WiFi is a necessity in many industries these days and as such we need to ensure we handle people’s data with the utmost care. Whether you offer WiFi to just your staff or whether you offer it to guests too you need to be mindful about how the data is stored. The interesting point to note is how you collect the data depends on how you need to be concerned with the GDPR. I know you are reading this thinking; surely GDPR was just a bunch of hype back in summer 2018? Well no, it continues to be a thing and something, which if you offer WiFi to staff and guests, does affect you and will continue to do so, even after Brexit!
Firstly, a reminder, what is GDPR?
The General Data Protection Regulation (GDPR) (Regulation (EU) 2016/679) is a regulation by which the European Parliament, the Council of the European Union and the European Commission intend to strengthen and unify data protection for all individuals within the European Union (EU). It also addresses the export of personal data outside the EU.
The GDPR aims primarily to give control back to citizens and residents over their personal data and to simplify the regulatory environment for international business by unifying the regulation within the EU.
Data Security Practices
The important data security practices are summarised below:
- Maintain all personal information in an encrypted data format to minimize damage caused by data theft
- Require each staff user to have access credential with strong passwords, and Force periodic changes of access credentials
- Control access to personal information in such a way that staff can access only that information which is relevant to the requirements of their role
- Maintain a log of all accesses to personal information, the log will be required after a data breach to identify the cause of the breach
- Logout users after a period of inactivity
- Detect any attempted access by non-authorized individuals and report such occurrences to the administrator
The GDPR is there to protect EU residents. It extends beyond the EU’s borders and affects companies without offices or data centres in the EU. Any organisation offering goods or services in the EU, collecting data on EU residents or employing EU residents will have to be compliant.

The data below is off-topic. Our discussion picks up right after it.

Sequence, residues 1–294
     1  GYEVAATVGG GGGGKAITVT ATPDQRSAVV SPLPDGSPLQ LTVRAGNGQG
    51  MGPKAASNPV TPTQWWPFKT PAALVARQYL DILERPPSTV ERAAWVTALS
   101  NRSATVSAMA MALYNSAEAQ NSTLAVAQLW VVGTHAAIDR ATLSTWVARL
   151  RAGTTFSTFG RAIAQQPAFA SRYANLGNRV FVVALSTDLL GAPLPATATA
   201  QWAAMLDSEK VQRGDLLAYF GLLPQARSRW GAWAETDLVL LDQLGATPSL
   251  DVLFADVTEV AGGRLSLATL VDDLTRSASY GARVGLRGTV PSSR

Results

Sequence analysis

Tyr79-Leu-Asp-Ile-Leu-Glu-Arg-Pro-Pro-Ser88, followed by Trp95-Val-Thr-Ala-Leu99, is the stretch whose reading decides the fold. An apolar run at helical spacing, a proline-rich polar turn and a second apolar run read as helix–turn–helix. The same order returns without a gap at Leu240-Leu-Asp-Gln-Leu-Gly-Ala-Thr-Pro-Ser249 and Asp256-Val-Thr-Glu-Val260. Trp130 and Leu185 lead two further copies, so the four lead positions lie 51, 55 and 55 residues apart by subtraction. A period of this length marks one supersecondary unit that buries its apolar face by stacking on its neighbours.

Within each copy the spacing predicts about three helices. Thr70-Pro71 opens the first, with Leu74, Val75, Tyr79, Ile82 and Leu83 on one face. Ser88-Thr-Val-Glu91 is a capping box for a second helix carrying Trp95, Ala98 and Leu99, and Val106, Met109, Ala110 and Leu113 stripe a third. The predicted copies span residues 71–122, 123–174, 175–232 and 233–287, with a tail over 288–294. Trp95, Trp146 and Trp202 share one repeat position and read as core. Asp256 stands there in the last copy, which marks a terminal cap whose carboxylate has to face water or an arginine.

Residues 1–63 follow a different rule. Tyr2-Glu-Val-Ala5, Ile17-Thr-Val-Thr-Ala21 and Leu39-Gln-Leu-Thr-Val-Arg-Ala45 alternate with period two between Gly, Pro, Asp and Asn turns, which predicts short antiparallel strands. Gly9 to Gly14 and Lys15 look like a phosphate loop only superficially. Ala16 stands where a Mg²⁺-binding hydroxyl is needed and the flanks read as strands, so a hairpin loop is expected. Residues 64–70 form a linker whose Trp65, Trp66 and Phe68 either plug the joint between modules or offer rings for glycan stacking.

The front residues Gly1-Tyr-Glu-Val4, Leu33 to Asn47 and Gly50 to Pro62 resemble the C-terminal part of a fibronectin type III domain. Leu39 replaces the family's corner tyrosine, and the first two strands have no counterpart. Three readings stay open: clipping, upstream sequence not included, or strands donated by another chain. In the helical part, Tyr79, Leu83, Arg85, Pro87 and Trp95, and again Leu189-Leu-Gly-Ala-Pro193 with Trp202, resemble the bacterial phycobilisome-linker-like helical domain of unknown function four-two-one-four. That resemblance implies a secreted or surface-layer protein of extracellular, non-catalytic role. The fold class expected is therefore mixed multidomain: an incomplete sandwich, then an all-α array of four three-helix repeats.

Penalties for non-compliance can include fines of up to €20 million or four percent of worldwide annual turnover, whichever is higher.
How can Solwise and Guest Internet Solutions help?
Since the GDPR came into place you can no longer just offer free WiFi to collect email addresses and then sell them on to make your money back. You now have to get the users consent to keep their personal data and you will need to demonstrate consent was “explicit, freely given, specific, and informed.” This essentially means if you make people provide the information without freedom of choice you are in breach of the regulation.
Unless users give explicit consent to their personal data being used for marketing purposes then you just can’t use it. If you offer free WiFi you need to weigh up the cost of the offering against what you will get back from the user and determine whether offering free WiFi is worth it. You essentially have to decide how important free WiFi for your customers is to your business.
Back to the original question, how can Solwise and GiS help? The benefit of using a GiS hotspot is that it operates Federated Identity Management (FIM) technology. FIM allows your business to rely on a federated authority to manage the user’s identity. That is essentially a grandiose way of saying let your users login to your WiFi network using their Facebook account. You don’t need to store the customer data making the GiS hotspots a great route into public WiFi for your business. This is also a cost effective way for you to manage your GDPR needs. All the data compliance responsibility is handled by Facebook. As users login they can like your page too!